House Speaker Nancy Pelosi, D-Calif., announced Monday that Congress will move to establish an independent commission to investigate the Jan. 6 insurrection at the U.S. Capitol, similar to the one set up in the wake of the terrorist attacks on Sept. 11, 2001.
"Now, as always, security is the order of the day: the security of our country, the security of our Capitol which is the temple of our democracy, and the security of our Members," Pelosi said in a letter to her Democratic colleagues in the U.S. House of Representatives.
Crowds of people then made their way to the Capitol steps, pushing through barricades, officers in riot gear and other security measures that were put in place in anticipation of the protest. An angry mob breached the Capitol building, forcing a lockdown with members of Congress and their staff holed up inside. It took hours for law enforcement to clear the building and establish a perimeter around the area. Five people, including a police officer, died during the rampage.
Retired Lt. Gen. Russel Honore was appointed to examine security on Capitol Hill following the insurrection. Meanwhile, the Senate acquitted Trump on Saturday in his second impeachment trial on a charge of inciting the Capitol rioters.
"For the past few weeks, General Honore has been assessing our security needs by reviewing what happened on January 6 and how we must ensure that it does not happen again," Pelosi said in her letter. "He has been working with Committees of Jurisdiction and will continue to make proposals."
"It is clear from his findings and from the impeachment trial that we must get to the truth of how this happened," she continued. "To protect our security, our security, our security, our next step will be to establish an outside, independent 9/11-type Commission to 'investigate and report on the facts and causes relating to the January 6, 2021 domestic terrorist attack upon the United States Capitol Complex… and relating to the interference with the peaceful transfer of power, including facts and causes relating to the preparedness and response of the United States Capitol Police and other Federal, State, and local law enforcement in the National Capitol Region.'"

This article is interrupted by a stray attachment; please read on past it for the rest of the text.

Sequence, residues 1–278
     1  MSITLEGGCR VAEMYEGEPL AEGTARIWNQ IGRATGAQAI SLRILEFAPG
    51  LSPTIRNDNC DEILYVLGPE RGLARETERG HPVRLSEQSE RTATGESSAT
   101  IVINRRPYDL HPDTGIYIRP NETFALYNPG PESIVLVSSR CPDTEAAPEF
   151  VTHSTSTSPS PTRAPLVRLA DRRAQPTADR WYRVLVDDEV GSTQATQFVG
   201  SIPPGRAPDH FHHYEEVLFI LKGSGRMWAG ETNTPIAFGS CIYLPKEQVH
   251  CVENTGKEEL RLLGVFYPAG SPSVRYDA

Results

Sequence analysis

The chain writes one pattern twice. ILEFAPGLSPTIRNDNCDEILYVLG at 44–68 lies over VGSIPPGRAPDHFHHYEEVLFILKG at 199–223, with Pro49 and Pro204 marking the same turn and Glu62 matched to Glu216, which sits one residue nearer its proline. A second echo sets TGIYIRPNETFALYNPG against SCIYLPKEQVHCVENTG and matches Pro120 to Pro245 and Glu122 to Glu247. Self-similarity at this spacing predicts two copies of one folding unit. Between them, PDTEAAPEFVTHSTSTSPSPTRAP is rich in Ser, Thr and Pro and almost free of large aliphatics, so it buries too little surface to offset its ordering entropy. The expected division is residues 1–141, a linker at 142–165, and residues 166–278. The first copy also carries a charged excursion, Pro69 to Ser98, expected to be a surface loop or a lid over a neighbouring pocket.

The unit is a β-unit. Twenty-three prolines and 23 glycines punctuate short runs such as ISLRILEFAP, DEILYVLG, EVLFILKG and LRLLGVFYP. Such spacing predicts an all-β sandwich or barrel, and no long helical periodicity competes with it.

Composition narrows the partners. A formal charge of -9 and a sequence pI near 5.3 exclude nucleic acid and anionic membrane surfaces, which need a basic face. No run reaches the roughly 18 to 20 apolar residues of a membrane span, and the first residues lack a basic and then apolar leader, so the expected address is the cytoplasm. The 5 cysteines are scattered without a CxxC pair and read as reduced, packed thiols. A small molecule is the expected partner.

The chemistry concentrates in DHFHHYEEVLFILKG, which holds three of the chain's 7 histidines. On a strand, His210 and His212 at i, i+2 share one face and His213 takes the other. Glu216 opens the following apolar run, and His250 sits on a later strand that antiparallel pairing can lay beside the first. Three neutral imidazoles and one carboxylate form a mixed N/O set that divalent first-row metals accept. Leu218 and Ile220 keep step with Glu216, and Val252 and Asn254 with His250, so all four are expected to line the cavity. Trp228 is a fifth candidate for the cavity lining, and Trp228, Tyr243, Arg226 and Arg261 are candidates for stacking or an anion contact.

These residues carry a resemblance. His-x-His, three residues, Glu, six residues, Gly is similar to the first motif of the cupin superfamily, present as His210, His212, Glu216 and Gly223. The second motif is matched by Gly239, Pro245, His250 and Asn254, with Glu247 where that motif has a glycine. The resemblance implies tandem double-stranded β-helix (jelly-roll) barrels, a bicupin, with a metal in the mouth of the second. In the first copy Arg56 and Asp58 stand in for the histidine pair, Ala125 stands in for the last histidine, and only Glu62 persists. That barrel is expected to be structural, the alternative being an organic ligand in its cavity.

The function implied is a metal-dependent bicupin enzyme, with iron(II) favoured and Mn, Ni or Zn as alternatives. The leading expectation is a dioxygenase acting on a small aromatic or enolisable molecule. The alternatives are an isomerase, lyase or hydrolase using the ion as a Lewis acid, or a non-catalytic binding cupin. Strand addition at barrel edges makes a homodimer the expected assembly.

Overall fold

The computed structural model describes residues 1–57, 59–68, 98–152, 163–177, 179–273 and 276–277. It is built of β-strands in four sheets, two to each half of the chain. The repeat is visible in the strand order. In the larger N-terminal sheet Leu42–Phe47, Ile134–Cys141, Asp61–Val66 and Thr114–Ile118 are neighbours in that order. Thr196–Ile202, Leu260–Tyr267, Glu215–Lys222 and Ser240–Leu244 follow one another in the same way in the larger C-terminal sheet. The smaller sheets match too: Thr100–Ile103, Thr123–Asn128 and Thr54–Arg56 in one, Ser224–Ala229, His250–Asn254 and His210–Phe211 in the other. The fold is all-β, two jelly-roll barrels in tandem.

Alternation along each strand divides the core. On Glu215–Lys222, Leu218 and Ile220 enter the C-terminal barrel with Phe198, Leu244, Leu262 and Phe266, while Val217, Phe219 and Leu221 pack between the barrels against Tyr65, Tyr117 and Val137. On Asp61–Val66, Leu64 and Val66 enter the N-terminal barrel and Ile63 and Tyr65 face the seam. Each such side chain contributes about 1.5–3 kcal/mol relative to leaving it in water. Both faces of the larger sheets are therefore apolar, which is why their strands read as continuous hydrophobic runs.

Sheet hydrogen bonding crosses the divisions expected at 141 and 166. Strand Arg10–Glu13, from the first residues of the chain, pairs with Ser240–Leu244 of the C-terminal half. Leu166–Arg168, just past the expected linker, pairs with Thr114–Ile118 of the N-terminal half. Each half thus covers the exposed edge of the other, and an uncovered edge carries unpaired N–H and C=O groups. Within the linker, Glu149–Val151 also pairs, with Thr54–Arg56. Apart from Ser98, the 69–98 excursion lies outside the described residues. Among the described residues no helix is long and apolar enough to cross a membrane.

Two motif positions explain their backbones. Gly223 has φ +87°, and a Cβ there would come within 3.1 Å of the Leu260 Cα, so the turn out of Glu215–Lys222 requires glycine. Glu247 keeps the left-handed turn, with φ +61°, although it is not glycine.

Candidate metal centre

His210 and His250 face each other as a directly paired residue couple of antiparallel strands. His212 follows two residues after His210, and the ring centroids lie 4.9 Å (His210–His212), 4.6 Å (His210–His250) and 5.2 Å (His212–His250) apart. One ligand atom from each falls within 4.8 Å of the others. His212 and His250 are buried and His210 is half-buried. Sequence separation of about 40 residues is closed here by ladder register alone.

The so-called 9/11 Commission was convened by congressional legislation that was signed into law by then-President George W. Bush in November 2002. After a 20-month-long investigation into the circumstances surrounding the terrorist attacks and how to prevent a similar attack, the bipartisan panel concluded in its final report that U.S. government intelligence agencies had failed to adequately assess the threat posed by al-Qaeda, among other things.
A growing number of lawmakers on both sides of the aisle have called for a bipartisan, independent commission to investigate the Capitol siege. Sen. Bill Cassidy, R-La., who crossed party lines and voted alongside six other Republicans to convict Trump, told ABC News chief anchor George Stephanopoulos in an interview Sunday on "This Week" that he supports a full investigation into the events of Jan. 6. In interviews following Cassidy, House impeachment manager Rep. Madeleine Dean, D-Pa., and Sen. Chris Coons, D-Del., said they would support the creation of a 9/11 Commission-style independent inquiry into the Capitol siege.
In her letter, Pelosi said Congress must also allocate additional funding "to provide for the safety of Members and the security of the Capitol."
"We will be forever grateful to the Capitol Police for their life-saving courage and heroism in securing the Capitol and protecting Members," she said.
ABC News' Katherine Faulders contributed to this report.